What are the benefits of joint custody?

On Behalf of | Nov 20, 2019 | Child Custody |

Divorce is often a complicated process for everyone involved. In some cases, children are unwilling participants of a separation, forced to transition to a new lifestyle after their parents file for divorce. Depending on the circumstances of the case, kids may go from a traditional family situation to living with one parent or to living with both parents at different times. The noncustodial parent may have a set visitation schedule or have only limited visitation.

When a judge sets custody, he or she takes the child’s best interests into account. Yet studies show that joint-custody is beneficial to children in many different ways.

What are the benefits of joint custody?

In a study published in the Journal of Family Psychology, researchers looked at children raised in a traditional family, a joint-custody family and sole-custody living arrangements. Children brought up in joint-custody arrangements experienced several benefits over children raised in sole-custody situations:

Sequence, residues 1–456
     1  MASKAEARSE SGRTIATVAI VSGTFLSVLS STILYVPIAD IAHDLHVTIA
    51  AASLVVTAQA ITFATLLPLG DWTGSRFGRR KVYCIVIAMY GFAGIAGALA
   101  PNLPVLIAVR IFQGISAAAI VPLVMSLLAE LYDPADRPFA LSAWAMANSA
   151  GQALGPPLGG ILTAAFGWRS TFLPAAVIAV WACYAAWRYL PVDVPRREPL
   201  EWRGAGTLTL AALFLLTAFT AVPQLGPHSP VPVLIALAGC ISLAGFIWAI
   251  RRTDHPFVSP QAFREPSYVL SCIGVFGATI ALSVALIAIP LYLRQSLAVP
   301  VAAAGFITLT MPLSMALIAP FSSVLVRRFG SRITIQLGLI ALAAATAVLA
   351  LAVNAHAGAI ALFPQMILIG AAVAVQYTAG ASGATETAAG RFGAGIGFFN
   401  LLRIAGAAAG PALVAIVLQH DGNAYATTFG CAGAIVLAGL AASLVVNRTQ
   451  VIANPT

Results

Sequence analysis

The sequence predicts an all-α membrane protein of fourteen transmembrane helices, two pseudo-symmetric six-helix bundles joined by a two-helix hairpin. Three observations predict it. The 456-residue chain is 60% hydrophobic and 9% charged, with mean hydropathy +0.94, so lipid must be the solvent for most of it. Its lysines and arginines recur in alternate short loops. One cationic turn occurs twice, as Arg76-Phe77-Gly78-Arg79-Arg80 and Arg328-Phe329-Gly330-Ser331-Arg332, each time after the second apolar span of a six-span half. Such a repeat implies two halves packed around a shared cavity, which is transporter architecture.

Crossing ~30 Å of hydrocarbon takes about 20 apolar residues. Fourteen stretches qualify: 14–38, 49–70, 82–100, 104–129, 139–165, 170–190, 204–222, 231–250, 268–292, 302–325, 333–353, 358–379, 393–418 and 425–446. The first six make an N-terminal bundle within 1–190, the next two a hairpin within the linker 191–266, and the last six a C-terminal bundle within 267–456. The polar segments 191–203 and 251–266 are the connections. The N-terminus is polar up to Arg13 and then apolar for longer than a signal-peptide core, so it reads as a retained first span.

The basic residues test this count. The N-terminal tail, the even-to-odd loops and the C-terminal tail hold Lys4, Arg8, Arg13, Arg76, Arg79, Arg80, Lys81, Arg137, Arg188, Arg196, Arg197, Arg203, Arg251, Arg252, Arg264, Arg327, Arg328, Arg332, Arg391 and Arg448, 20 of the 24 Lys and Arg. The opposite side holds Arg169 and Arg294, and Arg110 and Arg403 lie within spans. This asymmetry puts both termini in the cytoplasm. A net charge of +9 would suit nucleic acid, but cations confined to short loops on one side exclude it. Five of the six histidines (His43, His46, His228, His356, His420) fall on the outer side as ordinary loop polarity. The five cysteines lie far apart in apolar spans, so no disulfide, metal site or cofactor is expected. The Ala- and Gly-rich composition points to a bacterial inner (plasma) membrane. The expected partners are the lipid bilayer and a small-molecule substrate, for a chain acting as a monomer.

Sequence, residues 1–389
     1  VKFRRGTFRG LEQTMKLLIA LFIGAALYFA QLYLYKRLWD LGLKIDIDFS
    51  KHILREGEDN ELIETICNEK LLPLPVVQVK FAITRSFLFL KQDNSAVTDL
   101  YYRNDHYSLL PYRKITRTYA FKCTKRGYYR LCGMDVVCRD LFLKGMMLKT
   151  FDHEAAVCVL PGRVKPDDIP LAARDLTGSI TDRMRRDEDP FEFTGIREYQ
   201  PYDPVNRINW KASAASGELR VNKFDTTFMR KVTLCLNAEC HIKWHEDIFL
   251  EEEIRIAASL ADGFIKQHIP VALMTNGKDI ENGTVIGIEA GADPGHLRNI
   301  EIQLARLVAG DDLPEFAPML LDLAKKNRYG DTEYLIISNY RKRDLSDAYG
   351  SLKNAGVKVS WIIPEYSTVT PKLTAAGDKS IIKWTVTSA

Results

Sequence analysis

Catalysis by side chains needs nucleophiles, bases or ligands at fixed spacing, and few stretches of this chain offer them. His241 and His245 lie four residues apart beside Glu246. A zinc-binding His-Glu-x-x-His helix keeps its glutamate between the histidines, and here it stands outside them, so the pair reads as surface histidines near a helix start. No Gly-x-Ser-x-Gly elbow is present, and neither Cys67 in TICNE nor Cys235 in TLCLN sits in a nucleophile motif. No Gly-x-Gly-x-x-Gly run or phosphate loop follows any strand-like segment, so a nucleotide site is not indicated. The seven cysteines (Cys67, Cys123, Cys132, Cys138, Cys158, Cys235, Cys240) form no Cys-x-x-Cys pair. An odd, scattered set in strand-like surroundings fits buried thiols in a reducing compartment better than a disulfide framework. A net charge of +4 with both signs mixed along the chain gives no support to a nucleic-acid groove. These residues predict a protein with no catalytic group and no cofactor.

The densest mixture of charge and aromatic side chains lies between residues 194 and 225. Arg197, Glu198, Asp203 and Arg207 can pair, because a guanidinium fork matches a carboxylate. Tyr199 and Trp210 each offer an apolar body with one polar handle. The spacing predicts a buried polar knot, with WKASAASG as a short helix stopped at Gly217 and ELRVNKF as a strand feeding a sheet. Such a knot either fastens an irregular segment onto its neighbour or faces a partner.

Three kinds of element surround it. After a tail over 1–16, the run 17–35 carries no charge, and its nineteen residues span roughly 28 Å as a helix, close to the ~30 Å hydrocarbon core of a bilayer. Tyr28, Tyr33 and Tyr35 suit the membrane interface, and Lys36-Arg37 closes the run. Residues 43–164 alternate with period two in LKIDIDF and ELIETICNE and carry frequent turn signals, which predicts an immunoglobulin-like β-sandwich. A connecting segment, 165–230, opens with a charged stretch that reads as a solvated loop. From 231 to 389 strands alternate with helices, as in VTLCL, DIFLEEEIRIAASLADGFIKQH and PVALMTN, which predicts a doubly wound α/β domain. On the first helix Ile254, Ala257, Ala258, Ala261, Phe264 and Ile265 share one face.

• Better grades in school
  • Higher self-esteem
  • Fewer behavioral problems
  • Stronger family relationships

Kids who spend time with both parents are more likely to avoid drugs and alcohol, stay out of jail, not suffer from depression and avoid pregnancy. Long-term results include achieving higher-paying careers, higher academic degrees, longer-lasting marriages, stronger support groups and a better sense of wellbeing when compared to children who spent the majority of time with only one parent. Kids often fare best when they are able to spend a significant amount of time with both parents.

Why do children need both parents?

Spending time with both parents is vital for children of all ages. Each parent provides children with something that the other cannot. While mothers generally provide a safe and nurturing environment, fathers often challenge children to explore their surroundings.

In addition, in most joint-custody situations, parents have to deal with one another in a more positive fashion. Cooperative co-parenting also benefits children, making for less stressful family situations.